Researchers have announced that they have produced what is called a “time crystal” using the qubits in Google’s Sycamore quantum computer, a breakthrough that means that stable qubits can be built to power insanely fast quantum computers in the future.
While the term “time crystal” might evoke images of quartz-like crystals that can allow you to travel to different eras of history, the reason for their sci-fi-esque name comes from a property they exhibit that allows them to ignore the effects of entropy, an effect that is dictated by the perceived forward motion of time’s arrow; while the particles in this new state of matter are in constant motion, they also don’t lose energy to the surrounding environment.
“The consequence is amazing: You evade the second law of thermodynamics,” remarked study co-author Roderich Moessner, director of Germany’s Max Planck Institute for the Physics of Complex Systems.
Although it might seem counterintuitive, virtually every process in physics is not dictated by time’s arrow, and can work both forward and backward in time, at least as seen from our perspective. This concept can be illustrated in mathematics, as equations can be reversed and still produce the same result; another example could be of someone watching a video of one billiard ball striking another: if the video is played in reverse, the viewer would be unaware of that fact unless someone were to tell them, since the transfer of energy from one ball to the other appears identical regardless of which way time is running.
Entropy, however, is one of the few concepts in physics that is dependent on time running in only one direction, and its effect of things changing from a state of order to one of disorder is virtually the only way we normally can perceive the passage of time. We see entropy’s effect in everything from the burning of wood in a campfire to the erosion of mountains; even our biological processes are dependent on chemical energy transitioning from an ordered state to a disordered one.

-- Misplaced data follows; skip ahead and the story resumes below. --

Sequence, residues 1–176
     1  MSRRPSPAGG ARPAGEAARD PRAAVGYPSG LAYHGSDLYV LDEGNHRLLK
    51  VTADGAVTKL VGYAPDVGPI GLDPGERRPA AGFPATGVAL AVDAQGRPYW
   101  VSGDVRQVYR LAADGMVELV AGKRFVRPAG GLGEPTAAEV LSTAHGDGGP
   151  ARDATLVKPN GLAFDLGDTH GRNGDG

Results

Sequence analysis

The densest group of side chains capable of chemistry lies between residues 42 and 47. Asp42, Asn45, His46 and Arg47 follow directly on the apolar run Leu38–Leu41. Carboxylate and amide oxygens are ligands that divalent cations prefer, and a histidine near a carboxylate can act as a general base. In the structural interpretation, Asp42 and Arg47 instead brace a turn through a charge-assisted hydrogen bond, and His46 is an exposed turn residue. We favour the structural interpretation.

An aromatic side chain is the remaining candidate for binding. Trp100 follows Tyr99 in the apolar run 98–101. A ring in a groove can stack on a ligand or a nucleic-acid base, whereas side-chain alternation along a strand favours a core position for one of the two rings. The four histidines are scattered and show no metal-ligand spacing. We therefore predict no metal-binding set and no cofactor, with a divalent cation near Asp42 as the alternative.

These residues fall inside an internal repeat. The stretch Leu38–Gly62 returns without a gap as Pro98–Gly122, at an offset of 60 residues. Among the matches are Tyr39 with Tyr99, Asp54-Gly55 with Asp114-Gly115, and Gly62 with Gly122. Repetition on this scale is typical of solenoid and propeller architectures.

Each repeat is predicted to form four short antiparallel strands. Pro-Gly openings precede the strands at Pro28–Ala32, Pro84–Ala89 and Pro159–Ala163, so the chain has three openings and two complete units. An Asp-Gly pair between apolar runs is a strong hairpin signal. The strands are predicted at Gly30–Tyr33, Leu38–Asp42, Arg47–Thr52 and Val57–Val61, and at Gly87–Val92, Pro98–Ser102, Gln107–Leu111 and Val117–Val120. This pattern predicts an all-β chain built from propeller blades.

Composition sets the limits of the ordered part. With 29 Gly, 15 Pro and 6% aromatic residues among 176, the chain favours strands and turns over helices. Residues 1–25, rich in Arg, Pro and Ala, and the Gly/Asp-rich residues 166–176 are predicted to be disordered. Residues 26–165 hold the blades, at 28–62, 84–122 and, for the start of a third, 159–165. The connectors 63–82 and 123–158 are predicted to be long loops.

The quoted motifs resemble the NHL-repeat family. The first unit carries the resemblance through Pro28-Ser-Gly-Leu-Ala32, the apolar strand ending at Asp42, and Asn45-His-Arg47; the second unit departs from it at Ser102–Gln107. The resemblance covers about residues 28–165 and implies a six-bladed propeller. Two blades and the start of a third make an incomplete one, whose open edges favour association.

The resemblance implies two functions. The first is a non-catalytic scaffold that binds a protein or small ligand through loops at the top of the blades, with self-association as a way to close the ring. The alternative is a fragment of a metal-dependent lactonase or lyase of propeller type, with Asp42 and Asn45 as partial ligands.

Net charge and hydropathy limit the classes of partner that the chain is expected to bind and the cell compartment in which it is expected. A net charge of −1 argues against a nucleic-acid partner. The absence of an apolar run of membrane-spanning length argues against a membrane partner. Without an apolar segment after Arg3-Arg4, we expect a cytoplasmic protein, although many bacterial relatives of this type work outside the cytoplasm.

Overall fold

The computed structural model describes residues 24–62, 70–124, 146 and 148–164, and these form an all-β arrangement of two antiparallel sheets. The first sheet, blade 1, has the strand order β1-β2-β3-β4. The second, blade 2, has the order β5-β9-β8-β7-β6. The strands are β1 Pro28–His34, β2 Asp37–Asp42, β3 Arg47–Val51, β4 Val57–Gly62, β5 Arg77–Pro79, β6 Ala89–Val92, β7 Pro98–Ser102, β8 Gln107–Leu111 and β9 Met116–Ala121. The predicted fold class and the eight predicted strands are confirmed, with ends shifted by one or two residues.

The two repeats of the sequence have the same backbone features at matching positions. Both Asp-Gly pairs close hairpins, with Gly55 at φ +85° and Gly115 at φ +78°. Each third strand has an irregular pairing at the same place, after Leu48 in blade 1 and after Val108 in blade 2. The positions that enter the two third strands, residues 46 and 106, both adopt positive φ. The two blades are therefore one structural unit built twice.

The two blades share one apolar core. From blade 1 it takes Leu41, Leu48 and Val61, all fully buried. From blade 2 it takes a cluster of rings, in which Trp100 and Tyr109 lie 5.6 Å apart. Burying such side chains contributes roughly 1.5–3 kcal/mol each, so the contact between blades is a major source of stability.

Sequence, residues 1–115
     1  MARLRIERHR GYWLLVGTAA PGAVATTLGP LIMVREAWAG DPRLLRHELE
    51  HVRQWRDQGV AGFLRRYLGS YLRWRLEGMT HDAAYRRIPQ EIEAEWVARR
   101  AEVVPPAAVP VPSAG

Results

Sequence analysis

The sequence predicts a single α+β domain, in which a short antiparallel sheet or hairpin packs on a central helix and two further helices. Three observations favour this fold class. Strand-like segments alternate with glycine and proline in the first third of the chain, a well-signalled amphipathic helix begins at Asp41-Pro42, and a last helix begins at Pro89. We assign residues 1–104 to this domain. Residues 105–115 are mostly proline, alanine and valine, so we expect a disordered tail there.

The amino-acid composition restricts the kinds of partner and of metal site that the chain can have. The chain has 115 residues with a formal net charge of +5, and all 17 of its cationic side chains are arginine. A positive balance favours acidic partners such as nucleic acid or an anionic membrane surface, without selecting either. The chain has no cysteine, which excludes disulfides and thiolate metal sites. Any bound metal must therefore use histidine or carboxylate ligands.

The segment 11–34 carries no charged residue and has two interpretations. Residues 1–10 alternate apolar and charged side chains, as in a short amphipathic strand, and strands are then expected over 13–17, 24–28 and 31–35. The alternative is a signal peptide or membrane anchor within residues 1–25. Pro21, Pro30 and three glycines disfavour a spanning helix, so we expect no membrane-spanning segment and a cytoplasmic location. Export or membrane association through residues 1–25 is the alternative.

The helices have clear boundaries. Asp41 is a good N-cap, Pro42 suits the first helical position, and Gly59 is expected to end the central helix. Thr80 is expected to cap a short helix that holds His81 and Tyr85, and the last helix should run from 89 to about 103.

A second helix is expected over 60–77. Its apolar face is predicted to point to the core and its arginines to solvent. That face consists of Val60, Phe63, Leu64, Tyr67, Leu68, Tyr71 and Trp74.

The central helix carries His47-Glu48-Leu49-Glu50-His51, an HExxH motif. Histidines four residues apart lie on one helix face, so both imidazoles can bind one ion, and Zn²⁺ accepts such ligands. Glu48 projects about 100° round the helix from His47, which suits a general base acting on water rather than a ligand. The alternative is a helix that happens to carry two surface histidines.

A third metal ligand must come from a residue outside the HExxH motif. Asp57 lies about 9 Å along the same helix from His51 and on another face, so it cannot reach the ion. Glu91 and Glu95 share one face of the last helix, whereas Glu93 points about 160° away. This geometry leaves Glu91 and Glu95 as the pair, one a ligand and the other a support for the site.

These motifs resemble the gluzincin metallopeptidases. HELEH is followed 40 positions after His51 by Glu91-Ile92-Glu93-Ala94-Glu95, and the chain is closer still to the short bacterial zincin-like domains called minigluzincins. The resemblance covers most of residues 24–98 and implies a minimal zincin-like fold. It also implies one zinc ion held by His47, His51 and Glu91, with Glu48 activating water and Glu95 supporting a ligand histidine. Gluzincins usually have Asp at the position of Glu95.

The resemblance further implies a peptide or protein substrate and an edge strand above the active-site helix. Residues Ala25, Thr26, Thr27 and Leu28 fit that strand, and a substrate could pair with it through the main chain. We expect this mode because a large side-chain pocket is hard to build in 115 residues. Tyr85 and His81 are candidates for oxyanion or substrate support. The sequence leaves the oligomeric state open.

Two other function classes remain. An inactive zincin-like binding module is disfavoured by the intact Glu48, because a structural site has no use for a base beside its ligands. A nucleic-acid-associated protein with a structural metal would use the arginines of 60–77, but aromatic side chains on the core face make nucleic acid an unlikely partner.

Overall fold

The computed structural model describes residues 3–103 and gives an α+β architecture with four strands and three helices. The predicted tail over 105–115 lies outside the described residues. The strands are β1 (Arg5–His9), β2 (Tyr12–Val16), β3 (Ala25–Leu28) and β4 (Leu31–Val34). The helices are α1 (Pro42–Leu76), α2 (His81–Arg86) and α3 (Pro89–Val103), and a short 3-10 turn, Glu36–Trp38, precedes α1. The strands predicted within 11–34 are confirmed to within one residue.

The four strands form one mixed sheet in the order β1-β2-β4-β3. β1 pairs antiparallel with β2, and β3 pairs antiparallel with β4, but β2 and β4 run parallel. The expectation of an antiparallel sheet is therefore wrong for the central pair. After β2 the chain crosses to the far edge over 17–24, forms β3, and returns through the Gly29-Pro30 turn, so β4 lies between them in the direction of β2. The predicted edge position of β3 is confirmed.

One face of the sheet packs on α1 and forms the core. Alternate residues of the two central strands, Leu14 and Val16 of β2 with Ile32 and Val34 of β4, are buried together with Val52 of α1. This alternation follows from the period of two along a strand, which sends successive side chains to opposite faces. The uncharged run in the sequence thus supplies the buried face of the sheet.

The operation of the atoms of normal crystals is also subject to entropy, with the motion of the individual particles causing the loss of energy to the environment. Time crystals, however, are made up of particles that move in a repeating cycle that occurs at regular intervals that don’t transfer their energy to the environment—basically, they don’t exhibit the effects of entropy, and can effectively act as tiny perpetual motion machines.
At the same time, time crystals also break what is known as “time-translation symmetry,” a rule that says that a stable object won’t change with the passage of time, meaning that their particles are simultaneously in motion, as if they are expending energy, and yet also stable in that motion as if they are frozen in time.
While there is much more work to be done to make the production of time crystals practical, this experimental breakthrough means that their existence, once thought to be impossible, can now be achieved. This means that quantum computers with stable qubits—analogous to the normal bits used in modern computers, although exponentially more powerful—can be built, allowing these futuristic machines to reliably run computations at unimaginable speeds.
For example, in 2019 Google’s Sycamore quantum processor completed a task in 200 seconds that would have taken IBM’s Summit supercomputer 10,000 years to complete. Although it probably isn’t a fair comparison, Sycamore’s 53-qubit processor is the size of a coffee maker, while the Summit supercomputer takes up 9,400 square feet of space in a warehouse-sized building.
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